Microsoft has said that its historic decision to open its APIs was largely driven by the European Union’s Court of First Instance, although the announcements are clearly a big win for the open standards/open source movement.

The move is an acknowledgment of changing market dynamics and emerging trends such as web services and software-as-a-service, and a recognition from Microsoft that an open approach will be more fruitful in developing momentum, partnerships and business opportunities than competition and litigation.

From one point of view Microsoft might be attempting to put a stake through the heart of open protocols and possibly open software. By making its APIs and protocols open it makes them closer to de facto standards so it will try kill off projects attempting to produce alternatives.

The approval of OOXML, for instance, is seen as crucial by Microsoft as a means of maintaining its Office market share.

Microsoft seems to be trying to separate Linux and open source. It is looking to compete with Linux while at the same time accepting and working to support open source projects. While Windows-Linux interoperability comes into play here, the real objective is to make open source applications run as well on Windows as they do on Linux.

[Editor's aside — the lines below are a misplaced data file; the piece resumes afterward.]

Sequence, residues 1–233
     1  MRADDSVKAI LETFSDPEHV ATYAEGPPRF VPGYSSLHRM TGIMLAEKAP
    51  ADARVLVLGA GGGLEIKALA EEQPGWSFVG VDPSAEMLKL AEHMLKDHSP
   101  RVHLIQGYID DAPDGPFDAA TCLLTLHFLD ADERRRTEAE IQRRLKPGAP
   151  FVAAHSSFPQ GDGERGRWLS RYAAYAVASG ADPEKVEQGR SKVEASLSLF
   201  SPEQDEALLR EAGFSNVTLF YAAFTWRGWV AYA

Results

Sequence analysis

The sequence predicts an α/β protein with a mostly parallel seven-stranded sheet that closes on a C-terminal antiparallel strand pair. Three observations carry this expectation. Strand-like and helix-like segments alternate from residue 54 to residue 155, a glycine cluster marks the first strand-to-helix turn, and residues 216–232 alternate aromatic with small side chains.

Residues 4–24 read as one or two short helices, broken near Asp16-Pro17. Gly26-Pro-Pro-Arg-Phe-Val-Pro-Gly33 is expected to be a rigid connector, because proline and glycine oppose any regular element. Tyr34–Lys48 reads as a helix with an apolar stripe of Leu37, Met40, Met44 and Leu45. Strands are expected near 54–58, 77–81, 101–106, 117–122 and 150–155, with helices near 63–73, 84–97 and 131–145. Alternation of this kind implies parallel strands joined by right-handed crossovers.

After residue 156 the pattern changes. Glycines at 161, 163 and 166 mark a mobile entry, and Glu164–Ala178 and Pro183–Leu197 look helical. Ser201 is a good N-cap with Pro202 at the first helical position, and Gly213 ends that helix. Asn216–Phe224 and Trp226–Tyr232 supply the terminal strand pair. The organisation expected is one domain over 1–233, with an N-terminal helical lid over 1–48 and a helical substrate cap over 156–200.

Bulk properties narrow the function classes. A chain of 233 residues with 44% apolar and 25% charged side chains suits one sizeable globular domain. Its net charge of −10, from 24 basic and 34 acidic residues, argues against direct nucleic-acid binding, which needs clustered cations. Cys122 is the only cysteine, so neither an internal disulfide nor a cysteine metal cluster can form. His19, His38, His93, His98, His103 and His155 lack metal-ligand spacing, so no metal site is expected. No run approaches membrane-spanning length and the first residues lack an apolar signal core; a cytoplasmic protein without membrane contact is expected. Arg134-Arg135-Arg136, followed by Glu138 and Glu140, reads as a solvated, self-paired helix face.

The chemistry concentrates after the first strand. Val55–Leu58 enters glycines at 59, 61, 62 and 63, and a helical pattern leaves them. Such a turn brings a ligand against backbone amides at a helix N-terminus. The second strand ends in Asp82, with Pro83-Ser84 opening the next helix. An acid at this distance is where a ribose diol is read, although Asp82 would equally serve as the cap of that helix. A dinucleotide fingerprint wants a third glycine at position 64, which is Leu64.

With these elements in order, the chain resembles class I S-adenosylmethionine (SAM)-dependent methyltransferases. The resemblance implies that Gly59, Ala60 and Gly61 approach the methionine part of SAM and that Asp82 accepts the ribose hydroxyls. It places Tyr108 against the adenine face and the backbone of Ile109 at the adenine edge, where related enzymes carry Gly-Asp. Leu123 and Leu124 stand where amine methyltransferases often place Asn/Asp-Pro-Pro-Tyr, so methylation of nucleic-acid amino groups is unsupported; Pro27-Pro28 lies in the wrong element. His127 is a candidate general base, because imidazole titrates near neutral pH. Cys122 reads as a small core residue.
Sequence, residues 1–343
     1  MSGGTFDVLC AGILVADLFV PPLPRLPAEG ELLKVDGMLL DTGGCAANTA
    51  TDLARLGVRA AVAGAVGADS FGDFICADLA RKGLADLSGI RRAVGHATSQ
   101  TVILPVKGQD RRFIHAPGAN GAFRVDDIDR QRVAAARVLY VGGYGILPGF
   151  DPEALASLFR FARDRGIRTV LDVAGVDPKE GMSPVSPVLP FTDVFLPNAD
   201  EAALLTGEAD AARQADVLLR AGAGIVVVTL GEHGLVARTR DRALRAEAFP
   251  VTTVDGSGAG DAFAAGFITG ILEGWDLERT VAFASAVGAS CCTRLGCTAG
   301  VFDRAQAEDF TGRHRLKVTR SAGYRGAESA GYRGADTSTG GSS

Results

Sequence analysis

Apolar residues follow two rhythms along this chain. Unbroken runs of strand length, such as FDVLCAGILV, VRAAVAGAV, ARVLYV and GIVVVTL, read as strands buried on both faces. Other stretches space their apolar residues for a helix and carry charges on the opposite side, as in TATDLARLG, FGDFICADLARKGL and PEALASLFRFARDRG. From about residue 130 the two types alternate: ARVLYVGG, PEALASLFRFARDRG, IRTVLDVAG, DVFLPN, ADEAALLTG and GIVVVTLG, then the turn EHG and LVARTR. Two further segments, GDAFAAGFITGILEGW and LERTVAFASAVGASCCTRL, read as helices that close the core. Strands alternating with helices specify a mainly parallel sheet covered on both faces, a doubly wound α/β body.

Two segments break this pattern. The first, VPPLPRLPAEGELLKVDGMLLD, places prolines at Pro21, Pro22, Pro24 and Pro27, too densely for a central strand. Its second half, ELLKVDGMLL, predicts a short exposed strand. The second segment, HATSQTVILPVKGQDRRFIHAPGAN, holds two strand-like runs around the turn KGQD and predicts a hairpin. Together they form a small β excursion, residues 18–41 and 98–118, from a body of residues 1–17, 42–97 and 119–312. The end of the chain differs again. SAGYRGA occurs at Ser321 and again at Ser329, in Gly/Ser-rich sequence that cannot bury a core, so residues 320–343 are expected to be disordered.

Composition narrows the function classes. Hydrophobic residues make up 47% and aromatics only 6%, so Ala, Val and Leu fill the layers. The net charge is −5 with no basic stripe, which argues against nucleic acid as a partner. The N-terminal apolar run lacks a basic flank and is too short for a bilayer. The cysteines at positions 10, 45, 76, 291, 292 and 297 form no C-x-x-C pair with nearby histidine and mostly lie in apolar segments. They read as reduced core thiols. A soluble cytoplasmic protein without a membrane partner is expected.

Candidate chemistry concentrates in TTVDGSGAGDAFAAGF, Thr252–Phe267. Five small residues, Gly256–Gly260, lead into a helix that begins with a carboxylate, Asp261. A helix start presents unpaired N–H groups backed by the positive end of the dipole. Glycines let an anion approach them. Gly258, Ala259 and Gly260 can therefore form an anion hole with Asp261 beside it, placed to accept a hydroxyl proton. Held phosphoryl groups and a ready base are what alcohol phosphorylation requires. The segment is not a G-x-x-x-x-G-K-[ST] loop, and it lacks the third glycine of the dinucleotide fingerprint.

Microsoft would be happy to limit its competition with open source to Linux, where Windows is currently enjoying bigger growth on servers. Conversely, if users are adopting open source for CRM, CMS, BI or other applications, Microsoft would rather support them with Windows rather than see them move to Linux.

Microsoft is providing a list of patents that should finally enable open source developers to respond to its May 2007 assertion that various open source programmes infringed on 235 of its patents.

Insofar as those patents relate to its high volume products, open source vendors will be now be able to license the patents, attempt to develop around them, or even challenge their legitimacy.

Of course Microsoft can and will still enter into exclusive patent and source code agreements with selected partners on RAND terms – in other words going beyond the API/protocol layer. However, there is an element of undermining its partnerships with Novell and Citrix concerning virtualization.

Matt Aslett is open source analyst at the 451 Group

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